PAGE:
The grounds of the Nanteos Estate extended right across the valley as seen from the house, and it is thought that they were designed by a number of people including John Davenport who formed the lake for Warren Hastings at Daylesford House in the Cotswolds as well as George Repton, son of Bloomsbury Square architect Humphry Repton in the late 1700s and early 1800s. The lake which sits to the west of the west of the Mansion House was designed with the intention of being part of a cascade although it was seen through. However a number of parts of the cascasde still remain and can be seen on the estate. There is another lake at the far eastern end of the valley, which has sadly been neglected to the point where it has over grown.

In its heyday the estate spanned over 30,000 acres which took in many of the surrounding farms and villages too. A three acre walled garden located within the grounds was used to produce the majority of the food eaten by the people of Aberystwyth. From the walled garden it is possible to see the remains of an old stone kennel, which was used to keep the hunting dogs. Hunting was a way of life for the residents of Nanteos, and there were hunts on a regular basis.

The house eventually left the hands of the family in 1951 as the death of the mining industry saw their fortunes decline at a significant rate, and the last owner Margaret Powell died and was buried at St Padarn’s in Llanbadarn Fawr.

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4 Responses to “History Of Nanteos Mansion”

  • Jane Blank says:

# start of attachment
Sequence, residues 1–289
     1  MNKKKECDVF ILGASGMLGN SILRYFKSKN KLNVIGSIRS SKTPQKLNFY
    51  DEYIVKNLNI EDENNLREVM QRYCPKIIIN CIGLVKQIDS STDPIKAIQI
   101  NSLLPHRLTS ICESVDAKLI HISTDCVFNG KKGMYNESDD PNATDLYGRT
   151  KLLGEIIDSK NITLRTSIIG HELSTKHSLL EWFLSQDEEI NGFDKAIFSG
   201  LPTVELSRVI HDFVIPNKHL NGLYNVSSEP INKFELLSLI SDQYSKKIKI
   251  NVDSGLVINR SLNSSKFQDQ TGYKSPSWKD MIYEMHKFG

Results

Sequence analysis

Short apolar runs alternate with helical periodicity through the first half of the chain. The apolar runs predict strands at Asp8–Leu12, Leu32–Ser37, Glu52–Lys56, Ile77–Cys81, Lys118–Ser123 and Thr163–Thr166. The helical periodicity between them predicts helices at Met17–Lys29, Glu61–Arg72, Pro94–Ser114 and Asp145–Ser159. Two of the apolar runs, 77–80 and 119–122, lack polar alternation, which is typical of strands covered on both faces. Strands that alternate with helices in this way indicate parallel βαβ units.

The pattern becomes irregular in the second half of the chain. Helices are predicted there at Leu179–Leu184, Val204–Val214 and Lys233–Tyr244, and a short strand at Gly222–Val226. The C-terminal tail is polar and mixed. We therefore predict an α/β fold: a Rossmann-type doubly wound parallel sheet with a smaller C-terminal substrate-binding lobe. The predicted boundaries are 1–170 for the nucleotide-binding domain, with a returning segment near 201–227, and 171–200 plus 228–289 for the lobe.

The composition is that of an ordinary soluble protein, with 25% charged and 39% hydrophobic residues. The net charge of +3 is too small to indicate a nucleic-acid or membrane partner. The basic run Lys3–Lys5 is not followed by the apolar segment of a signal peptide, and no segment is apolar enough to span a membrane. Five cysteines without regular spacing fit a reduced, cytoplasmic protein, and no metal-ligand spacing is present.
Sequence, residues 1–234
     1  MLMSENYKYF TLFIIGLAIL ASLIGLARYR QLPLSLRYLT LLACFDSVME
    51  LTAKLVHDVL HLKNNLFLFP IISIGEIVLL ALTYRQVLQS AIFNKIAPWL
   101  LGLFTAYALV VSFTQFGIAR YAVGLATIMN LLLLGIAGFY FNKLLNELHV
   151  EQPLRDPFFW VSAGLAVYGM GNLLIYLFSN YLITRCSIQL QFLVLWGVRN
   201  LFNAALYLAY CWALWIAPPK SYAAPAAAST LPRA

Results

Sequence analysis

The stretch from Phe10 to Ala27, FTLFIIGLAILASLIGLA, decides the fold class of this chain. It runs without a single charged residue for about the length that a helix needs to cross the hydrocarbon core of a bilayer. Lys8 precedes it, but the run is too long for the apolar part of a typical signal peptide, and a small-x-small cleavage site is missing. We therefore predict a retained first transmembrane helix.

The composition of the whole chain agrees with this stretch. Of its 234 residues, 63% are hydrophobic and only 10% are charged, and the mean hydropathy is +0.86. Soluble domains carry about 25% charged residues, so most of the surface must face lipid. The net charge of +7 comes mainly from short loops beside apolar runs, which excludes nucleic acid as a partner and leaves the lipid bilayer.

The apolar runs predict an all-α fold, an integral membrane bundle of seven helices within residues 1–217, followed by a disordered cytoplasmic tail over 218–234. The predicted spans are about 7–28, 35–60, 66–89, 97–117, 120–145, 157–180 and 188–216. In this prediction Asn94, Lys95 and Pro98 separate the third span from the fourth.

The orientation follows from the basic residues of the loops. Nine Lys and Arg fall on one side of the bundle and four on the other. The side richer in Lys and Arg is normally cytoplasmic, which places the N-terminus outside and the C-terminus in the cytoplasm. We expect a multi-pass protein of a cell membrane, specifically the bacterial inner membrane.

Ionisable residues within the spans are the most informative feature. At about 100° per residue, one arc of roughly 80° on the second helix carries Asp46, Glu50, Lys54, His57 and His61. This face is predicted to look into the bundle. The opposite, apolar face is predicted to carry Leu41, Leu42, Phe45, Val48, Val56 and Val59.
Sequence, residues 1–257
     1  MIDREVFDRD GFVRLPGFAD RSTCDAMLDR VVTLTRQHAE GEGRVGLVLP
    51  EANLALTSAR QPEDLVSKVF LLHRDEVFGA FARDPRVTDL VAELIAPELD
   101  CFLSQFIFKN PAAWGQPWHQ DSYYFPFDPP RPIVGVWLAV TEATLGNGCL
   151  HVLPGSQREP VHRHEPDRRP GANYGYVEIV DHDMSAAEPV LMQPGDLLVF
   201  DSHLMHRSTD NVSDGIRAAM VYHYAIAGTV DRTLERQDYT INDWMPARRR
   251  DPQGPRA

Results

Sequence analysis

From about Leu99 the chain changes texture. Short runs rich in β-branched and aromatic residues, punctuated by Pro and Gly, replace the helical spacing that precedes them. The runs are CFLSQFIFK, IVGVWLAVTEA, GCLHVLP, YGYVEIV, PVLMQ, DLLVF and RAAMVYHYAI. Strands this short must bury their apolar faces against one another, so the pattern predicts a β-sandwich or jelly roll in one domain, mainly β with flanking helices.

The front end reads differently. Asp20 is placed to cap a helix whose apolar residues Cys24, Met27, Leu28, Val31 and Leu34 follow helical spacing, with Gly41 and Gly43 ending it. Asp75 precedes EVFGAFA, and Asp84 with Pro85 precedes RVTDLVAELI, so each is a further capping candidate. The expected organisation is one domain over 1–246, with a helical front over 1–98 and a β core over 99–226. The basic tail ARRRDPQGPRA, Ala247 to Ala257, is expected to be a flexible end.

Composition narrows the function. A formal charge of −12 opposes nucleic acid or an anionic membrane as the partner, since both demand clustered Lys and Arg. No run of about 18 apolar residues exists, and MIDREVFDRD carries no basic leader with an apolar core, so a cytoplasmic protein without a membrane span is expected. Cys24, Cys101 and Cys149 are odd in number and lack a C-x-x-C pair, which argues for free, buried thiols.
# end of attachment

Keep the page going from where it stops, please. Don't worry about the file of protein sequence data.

I remember being enchanted by Nanteos as a small child when it was open as a stately home. The wonderful music room, the lost jewels, bottomless lake ( yes, right, Mum!) and the ghosts, were superb.
    I’m now a writer working on a bi-lingual film, ‘Nanteos,’ and a novel with the same title.I’m setting them at the time of the Rev. William Powell and the fight with Lewis Morris over Crown rights to the silver and lead mines.
    Plenty of dark secrets, tight bodices and creaking leather.
    All prospective film makers,agents and publishers, please contact Academi or my web site!

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    Rating: +3 (from 3 votes)
  • Reelf says:

    Dear Jane,
    I can hardly wait for the novel ! Though I’m from Germany, I’m very interested in Welsh history and Wales in general.
    Any idea when the novel will be published ?

    With regards,

    P.S. Is the estate / the woodland still open to the public ?

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    Rating: +2 (from 2 votes)
  • maria robertson says:

    i lived at nanteos at the age of 15,i worked there my first job, and i loved it but there were scary moments,believe me,there is a story regarding the lake the grey lady appearing, dogs graves in the garden the headless horse man , i believe relatives going back to the powells were called Merrilies , who bred peckinese dogs,were the last to live there during 1960′s, i worked for rose and jeff bliss, who had two sons micheal and tony, boys would be in their 50′s now.regards Maria.15/04/2012

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    Rating: +5 (from 5 votes)
  • Reelf says:

    Hi Maria,
    very interesting facts ! I wonder how far Jane’s film / novel is by now. Would love to see / read it !


    VA:F [1.9.17_1161]
    Rating: +2 (from 2 votes)